Monday, June 17, 2013

My furniture and my brain

The walls of my apartment are blank by choice, but it might be a mistake. Surrounding yourself with photographs of happy experiences is a very important therapy. I suggest this because the scientific research found in the book The Emotional Life of Your Brain compels it. The authors suggest that meditating on happy and peaceful memories is as effective physically on the brain as physical exercise is on the muscles.

The furniture in my apartment is cheap but acceptably functional. It would be more expensive to move my furniture than it would cost to buy new furniture in my next home should I choose to move. I know people who take their furniture very seriously and invest heavily in antiques or high-quality pieces. I assume they are thinking of their furniture as an investment that eventually will cover the costs of settling their estates or serve to settle a small portion of debt in an emergency.

But people hang on to the strangest things, and even spend much more money than those items are worth to preserve or transport them. You could save money by owning a truck large enough to move your own furniture, but considering the cost of the fuel alone, the actual value of the investment plummets rapidly into the red.

For some people cost is not even a consideration. Words such as "nostalgia" and "sentimental" come into play. People hoard things perhaps for the emotional intensity of the memories evoked by those things, fear of reprisal for having discarded them, an aching notion that the thing will be needed almost as soon as it is discarded, or the sense that it might gain in value over time instead of lose value. I can remember some instances when I needed something after I discarded it. My great aunts had trunks filled with old processed bank checks dating back fifty years or more.

Except for money, the weight or degree of certain values we attach to things are different for everyone. I have a few different values besides memory triggers.

Distraction value: I need things to distract me from other emotions that take over in the absence of external stimuli. The emotions kept at bay by the distractions are driven by my chronic anxiety. The word "dour" is the best word that comes to mind. An overly criticizing shadowy behemoth pointing and insulting me with relentless memories of negative experiences. I don't need a relationship for that, it's built-in.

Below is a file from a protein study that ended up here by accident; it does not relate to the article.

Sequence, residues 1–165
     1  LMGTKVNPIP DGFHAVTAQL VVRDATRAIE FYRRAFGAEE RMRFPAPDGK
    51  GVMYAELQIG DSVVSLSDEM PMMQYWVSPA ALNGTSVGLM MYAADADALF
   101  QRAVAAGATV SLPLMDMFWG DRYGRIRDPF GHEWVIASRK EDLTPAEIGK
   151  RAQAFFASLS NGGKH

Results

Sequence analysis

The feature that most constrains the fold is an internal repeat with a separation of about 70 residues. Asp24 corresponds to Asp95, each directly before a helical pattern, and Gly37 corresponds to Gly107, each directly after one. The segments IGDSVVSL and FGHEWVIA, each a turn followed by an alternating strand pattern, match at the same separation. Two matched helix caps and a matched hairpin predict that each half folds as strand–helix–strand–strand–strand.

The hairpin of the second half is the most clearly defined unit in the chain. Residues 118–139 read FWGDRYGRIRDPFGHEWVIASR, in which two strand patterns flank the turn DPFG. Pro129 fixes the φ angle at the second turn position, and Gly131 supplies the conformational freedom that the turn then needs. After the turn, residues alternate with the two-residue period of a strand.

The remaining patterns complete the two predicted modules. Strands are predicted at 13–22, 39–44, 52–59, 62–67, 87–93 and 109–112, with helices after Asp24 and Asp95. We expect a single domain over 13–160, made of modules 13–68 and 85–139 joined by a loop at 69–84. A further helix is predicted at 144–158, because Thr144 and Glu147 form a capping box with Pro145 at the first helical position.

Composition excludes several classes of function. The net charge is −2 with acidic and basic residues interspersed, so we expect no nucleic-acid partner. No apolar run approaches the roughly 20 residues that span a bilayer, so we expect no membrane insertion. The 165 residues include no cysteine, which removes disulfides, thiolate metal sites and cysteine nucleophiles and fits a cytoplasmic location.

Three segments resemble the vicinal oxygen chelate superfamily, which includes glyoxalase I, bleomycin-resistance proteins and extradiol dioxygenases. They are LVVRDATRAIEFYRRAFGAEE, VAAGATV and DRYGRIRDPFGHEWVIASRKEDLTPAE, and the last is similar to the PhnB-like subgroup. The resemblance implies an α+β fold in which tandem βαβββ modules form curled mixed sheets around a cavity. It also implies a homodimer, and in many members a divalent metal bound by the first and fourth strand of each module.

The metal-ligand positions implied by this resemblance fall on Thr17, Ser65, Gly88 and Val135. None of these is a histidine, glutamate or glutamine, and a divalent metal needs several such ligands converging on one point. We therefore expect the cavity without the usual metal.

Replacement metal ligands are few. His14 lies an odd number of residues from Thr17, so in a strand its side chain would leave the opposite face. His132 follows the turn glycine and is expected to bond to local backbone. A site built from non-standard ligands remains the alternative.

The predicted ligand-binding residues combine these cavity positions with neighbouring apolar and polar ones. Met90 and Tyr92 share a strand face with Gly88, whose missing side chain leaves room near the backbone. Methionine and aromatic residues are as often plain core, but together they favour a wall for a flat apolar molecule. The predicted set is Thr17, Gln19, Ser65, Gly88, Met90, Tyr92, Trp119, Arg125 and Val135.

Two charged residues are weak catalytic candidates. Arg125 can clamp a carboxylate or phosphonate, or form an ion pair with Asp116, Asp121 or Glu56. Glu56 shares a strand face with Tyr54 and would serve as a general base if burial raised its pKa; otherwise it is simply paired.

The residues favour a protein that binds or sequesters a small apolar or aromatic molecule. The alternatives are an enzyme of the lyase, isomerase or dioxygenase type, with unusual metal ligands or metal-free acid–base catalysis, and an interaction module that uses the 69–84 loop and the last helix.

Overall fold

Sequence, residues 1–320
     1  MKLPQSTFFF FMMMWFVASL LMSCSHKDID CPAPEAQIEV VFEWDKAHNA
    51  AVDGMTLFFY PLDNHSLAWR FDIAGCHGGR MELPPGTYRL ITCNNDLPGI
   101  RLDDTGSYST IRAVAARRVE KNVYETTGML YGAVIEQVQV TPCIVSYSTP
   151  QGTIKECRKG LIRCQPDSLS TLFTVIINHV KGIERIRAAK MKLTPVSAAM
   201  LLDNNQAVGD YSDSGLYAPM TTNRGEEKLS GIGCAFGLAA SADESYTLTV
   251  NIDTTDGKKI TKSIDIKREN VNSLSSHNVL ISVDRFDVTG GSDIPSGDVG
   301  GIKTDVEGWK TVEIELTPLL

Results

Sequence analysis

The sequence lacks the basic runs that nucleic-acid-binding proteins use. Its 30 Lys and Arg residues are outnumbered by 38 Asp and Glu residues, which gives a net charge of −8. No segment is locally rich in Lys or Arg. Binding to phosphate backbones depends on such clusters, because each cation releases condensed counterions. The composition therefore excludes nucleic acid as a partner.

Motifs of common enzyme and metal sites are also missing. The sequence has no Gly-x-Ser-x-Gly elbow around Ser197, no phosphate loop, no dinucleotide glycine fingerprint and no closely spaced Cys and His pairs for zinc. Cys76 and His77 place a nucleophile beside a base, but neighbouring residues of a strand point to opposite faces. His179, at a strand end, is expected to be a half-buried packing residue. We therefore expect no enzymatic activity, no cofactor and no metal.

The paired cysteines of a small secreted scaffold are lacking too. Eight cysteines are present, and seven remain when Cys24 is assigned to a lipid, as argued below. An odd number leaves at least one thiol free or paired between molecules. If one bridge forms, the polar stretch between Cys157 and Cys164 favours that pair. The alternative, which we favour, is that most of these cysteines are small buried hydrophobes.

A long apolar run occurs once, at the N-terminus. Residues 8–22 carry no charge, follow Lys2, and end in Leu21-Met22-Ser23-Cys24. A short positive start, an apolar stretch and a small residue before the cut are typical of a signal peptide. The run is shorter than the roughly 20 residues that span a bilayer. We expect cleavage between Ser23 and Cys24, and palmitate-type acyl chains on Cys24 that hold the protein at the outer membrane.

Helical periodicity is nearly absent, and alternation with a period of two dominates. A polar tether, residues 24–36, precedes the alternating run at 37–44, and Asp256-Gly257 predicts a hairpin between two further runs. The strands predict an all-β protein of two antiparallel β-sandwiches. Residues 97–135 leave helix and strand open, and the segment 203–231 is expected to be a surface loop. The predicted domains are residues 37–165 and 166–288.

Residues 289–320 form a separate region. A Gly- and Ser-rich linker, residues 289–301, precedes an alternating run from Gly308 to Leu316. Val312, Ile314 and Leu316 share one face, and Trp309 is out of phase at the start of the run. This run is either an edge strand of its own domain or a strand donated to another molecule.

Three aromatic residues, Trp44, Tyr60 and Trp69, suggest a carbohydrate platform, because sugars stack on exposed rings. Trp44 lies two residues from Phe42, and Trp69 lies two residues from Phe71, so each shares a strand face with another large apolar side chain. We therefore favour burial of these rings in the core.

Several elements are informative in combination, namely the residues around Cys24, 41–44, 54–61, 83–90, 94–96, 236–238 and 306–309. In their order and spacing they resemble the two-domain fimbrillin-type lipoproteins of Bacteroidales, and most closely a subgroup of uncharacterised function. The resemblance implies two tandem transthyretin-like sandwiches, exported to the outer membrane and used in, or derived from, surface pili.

Social Attraction value: Can I use the thing to break the ice or invite favorable curiosity and create social activity? On some occasions while taking photographs I appear to others as a professional and they ask me to use their camera to take pictures of them. It's a nice experience but never goes beyond that because they are socially engaged with others. Social media so far has been my only solace. Sharing and commenting on social media gives me a small sense of validation when someone comments or favorably votes on my posts. 

I assign utilitarian value to things rather than sentimental value, unless it's a gift, which I call "etiquette judgement traps," another of my inherent distortions. To gifts I assign competitive values such as the ability to match the value and uniqueness of a gift in return, the ability to appear completely fair in situations where gifts are exchanged by multiple people. The stress can make one give up entirely on gift-related holidays. Church is bad enough brimming with vindictive judgemental competitors in the games of proper attire, ritual performance, and financial "sacrifices." Some of the scowls of disapproval at my inability to carry a tune while singing hymns in church were evidence enough for me to abandon those dens of gossip and religio-political intrigue. Christmas? No thanks.

Interestingly, the value of things you can't take with you change when you move across the country, and it changes how you feel about similar things in the future. I had a very expensive black leather high-backed swivel chair fit for a Supreme Court Justice, the kind with brass studs decorating the trim. It emitted an aura of intimidation and authority that impressed people on many occasions. I had to leave it behind and sometimes I miss it, but mostly I wonder what on earth I was thinking when I bought the thing back in 1995.

After moving twice and taking the furniture with me, I don't think I want to do that again, ever. I'll happily give my furniture to the NW Furniture Bank.
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